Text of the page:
As a visitor to the Vatican, it’s nearly impossible to get a close look at the Sistine Chapel—but now a new book is hoping to change that.
On November 1, the production and publishing company Callaway Arts and Entertainment will release the English edition of The Sistine Chapel, a three-volume set of books that features the iconic frescoes in 1:1 scale. Each book in the set is two feet tall, bound in silk and white calf—and costs $22,000 (a bespoke cabinet and lectern is sold separately).
“You’re seeing it at the same size, at arm’s length, as a viewer as if you were a bird sitting on Michelangelo’s shoulder,” said Nicholas Callaway of the book. “If you put it in the realm of unique things, or if you put it in the context of the art market, $22,000 is not an expensive work of art.”
The book includes the most precise images of the artworks ever produced, Callaway said. Over the course of 67 consecutive nights, a team worked to capture every inch of the Renaissance frescoes using the latest in gigapixel photography. The 270,000 images of the chapel were stitched together in post-production, printed as digital proofs, and then held back up against the original works for color matching. The resulting images are 99.4 percent accurate in terms of color.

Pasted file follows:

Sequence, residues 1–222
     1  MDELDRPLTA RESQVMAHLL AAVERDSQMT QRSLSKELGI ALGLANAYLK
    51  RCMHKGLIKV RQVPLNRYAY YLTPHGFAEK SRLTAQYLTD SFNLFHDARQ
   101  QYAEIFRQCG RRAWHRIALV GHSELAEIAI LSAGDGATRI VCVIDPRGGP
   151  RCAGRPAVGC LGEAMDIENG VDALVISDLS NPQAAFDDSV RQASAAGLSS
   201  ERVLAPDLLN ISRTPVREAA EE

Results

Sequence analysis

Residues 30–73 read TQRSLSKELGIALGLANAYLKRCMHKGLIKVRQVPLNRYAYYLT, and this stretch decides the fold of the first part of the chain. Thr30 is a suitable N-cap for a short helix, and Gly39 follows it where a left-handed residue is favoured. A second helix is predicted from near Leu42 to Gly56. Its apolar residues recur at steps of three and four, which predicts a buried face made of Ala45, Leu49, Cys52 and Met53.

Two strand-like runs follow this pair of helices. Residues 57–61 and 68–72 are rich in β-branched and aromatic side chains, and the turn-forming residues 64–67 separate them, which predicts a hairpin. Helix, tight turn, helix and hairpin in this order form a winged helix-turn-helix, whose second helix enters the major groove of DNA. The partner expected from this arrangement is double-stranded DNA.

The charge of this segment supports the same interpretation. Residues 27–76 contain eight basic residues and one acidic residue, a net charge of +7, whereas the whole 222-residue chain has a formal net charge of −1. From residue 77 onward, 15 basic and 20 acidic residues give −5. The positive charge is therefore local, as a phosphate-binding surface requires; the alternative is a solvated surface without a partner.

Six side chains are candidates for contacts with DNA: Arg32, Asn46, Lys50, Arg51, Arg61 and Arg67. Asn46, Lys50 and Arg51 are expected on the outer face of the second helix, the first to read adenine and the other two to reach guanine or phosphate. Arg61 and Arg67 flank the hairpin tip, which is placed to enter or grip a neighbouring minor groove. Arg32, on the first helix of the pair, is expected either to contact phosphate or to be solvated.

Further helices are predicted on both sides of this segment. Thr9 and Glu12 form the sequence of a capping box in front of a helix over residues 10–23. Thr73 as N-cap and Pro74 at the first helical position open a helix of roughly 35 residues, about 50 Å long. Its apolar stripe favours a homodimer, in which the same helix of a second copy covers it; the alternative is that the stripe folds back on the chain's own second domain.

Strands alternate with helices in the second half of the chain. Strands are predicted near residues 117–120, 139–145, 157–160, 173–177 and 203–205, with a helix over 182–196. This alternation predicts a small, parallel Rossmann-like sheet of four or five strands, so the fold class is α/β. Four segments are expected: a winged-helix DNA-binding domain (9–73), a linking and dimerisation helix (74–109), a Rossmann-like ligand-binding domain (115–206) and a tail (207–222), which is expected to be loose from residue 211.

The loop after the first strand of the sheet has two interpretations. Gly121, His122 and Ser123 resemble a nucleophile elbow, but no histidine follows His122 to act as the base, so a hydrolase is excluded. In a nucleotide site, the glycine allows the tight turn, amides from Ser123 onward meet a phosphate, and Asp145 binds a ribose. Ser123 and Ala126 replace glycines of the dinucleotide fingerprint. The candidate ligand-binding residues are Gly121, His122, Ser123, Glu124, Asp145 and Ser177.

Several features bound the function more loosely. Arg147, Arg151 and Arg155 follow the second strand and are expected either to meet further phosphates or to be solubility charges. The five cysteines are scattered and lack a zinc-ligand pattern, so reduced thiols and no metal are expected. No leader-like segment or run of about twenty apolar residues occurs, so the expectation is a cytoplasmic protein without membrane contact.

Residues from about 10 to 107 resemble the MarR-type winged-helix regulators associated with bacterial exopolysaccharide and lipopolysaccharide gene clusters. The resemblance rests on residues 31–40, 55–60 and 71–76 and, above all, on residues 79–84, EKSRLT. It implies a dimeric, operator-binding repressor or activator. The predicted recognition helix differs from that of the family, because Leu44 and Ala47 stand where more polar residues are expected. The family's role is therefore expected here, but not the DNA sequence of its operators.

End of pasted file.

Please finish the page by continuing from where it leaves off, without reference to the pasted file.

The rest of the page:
Callaway initially set out to do an updated version of a two-volume set that was published in 1991 (and sold fora $1,000). But when he inquired about the rights, it turned out that the Vatican was already engaged in a new, unprecedented digitization process with Italian publisher Scripta Maneant. Callaway’s team had come in at exactly the right moment to join the project, and the Vatican authorized the production of 600 English copies. There are no plans to reprint.
When it was published, the 1991 Sistine Chapel book drew criticism for its hefty price tag and the publisher’s alleged gatekeeping of the images. While an undisclosed number of copies of Callaway’s book have already been pre-sold, he has also been working with benefactors to ensure the publication ends up in public collections.
“One of our primary goals is to place a significant portion of the edition in institutions where it will be available to everyone for generations to come,” Callaway said. “It’s a work for the world.”
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